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# Time - Energy Equivalence

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posted on Dec, 26 2013 @ 07:21 AM
Time - Energy Equivalence

by John SkieSwanne

What is time? We can walk backward in space, but never backward in time. It's the great mystery, which prevents us to reach the past.

But... recently I noticed something which I wanted to share with you so that the mystery might start to clear up. I noticed that Time is not only related to distance and speed... but also might be equivalent (not just related) to energy and mass.

Mass-energy equivalence has been discovered by Albert Einstein in 1905, and it goes as such:

E=mc^2

Which happens to be the most popular equation ever. To those investigative minds who may doubt the equation's validity, I must insist that this equation can be verified to be true. Merging it with Planck's equation give a modified version of DeBroglie's equation, which accurately predicts that electron-positron annihilation will give off gamma radiation.

Now, I've noticed that there is a hidden Time component in Einstein's "E=mc^2" equation. I figured that it was possible to reverse this famous equation so that instead of showing mass-energy equivalence, the equation gives time-energy equivalence (or time-mass equivalence) instead.

The "c" component represents a very specific, fixed speed: light speed (299,792,498 meters per second). As you know, speed is, in fact, reducible to two components: distance divided by time.

In "c^2", only the distance is squared, not the time component. By this I mean that for instance, if "A" would represent "5 meters covered each 1 second", then "A^2" becomes "25 meters covered in 1 second", and not "25 meters covered in 5 seconds".

For the sake of simplicity, let's pretend for an instant that there's an exotic length unit which some planet around Vega uses, and it's called a "Joua", and 1 Joua is exactly equal to 59958491.6 of our meters. In this exotic scale, light speed would be equal to 5 Joua per 1 second.

Now all you have to do is take a pen and a paper to compute the inversion of Einstein's equation:

If there's a mass of 3 kilograms, and if the square of 5 Joua per second is equal to 25 Joua per 1 second, then Energy will be equal to 3*((5^2)/1), or 3*(25). In other words, 75.

E=mc^2
E=m*(the square of 5 joua / 1 second)
E=m*(25 joua / 1 second)
E=m*(25/1)
E=m*(25)
E=3*25
75=3*25

Now let us reverse this.

Let's deduce: What is c^2 equal to? If 75 is equal to 3 multiplied by 25 (75=3*25), then 25 can only be equal to 75 divided by 3 (25=75/3). Which means the first thing we are going to do is couple the energy component with the mass component:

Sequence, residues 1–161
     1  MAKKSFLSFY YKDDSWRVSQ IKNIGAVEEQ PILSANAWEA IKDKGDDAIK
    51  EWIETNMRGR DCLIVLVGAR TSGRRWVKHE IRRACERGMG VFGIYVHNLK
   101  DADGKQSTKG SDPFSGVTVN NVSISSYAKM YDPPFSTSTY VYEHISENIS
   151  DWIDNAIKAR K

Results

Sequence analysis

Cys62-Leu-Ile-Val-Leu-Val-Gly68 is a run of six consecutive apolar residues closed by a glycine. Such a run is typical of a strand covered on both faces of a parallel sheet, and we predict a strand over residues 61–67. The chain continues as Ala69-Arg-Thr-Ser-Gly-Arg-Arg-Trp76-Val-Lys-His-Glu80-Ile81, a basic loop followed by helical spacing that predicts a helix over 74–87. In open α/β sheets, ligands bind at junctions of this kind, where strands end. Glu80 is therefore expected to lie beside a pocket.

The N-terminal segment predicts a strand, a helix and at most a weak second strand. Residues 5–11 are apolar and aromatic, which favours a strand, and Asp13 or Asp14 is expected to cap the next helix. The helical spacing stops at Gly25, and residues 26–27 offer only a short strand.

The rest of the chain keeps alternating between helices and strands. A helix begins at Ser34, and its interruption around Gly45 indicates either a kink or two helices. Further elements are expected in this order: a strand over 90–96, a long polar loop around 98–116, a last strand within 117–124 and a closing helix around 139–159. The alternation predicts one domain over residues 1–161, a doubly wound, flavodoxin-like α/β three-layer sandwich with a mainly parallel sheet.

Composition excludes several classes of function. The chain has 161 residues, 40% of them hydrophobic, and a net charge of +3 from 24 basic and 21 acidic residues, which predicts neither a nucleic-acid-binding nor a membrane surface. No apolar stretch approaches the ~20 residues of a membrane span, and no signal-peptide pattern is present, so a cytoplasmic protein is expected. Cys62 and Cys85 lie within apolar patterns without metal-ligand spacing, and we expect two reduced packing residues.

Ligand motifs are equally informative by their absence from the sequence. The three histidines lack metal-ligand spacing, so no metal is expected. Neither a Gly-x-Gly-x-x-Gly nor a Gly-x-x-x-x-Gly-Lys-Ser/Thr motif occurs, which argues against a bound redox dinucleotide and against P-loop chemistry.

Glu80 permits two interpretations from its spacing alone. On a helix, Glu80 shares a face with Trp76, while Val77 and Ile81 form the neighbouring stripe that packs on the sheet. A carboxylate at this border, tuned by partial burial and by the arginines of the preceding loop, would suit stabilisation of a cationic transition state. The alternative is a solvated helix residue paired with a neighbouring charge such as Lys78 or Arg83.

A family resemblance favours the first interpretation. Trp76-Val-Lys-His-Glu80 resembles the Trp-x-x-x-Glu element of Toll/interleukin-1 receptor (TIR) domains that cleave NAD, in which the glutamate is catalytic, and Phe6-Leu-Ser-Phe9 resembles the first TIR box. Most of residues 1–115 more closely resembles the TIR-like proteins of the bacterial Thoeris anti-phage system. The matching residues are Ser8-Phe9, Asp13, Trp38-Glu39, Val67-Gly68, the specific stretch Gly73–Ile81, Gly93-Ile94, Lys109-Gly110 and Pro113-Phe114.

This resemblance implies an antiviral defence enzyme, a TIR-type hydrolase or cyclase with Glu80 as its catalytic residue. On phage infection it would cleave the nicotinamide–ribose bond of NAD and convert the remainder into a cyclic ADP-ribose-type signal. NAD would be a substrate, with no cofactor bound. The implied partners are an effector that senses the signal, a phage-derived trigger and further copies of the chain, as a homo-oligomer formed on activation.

c^2=E/m

But that's not all. Notice the square (^2) component. To have the pure light speed component, we have to separate "c" from its square. but c (5 joua per 1 second) can't equal 25 on its own, unless the 25 is squareroot-ed.

c=sqrt(E/m)

Now all that's left for us to do is to separate Time from the c component. We know that Time is equal here to 1 second. But 1 cannot give 5 on its own. Which means, 5 must be divided by another 5, which happens to be the value of the distance component:

T=d/(sqrt(E/m))

So now, without further delay, ladies and gentlemen, I present to you, the Time-energy (or time-mass) equivalence equation: Where d is the distance, equal to 299,792,498 meters.

In the past, I often wondered if Time was not a force by itself. Today I learned this is not true, but yet, I can't help but notice how Time is dependent upon distance, like any other forces...

Anyway. This equation does predict something quite interesting, though - check this out:

If mass of the opposite sign should exist, such as the one predicted by Dragan Hajdukovic's theory, then its equivalent time would stop being positive. According to current mathematics, Time wouldn't even become negative. It would become un-real. Literally. The equation will include an imaginary number, and the resulting Time value will be a non-real number. This may imply that Dragan's gravitational dipoles cannot exist in "real" time; or it may imply that gravitational fields of the opposite sign (if such thing exists at all) have Time which is quite anomalous (and quite interesting, too!).

Anyway, so this Time-energy equivalence equation is what I recently found out. I don't know what to make of it yet - I'm only scratching the surface. What say you?

At Time's End,

Swan

posted on Dec, 26 2013 @ 08:37 AM

Time is simply a measurement of how long it takes entropy to occur. But does it follow a linear path? I strongly suspect otherwise.

edit on 26-12-2013 by andy06shake because: (no reason given)

posted on Dec, 26 2013 @ 08:50 AM
This is an extremely basic concept I have about time, that it is simply motion, which is energy.

Atoms and molecules are in motion even when an object is motionless (of course nothing is motionless).

Kinetic energy is motion which is equivalent to time.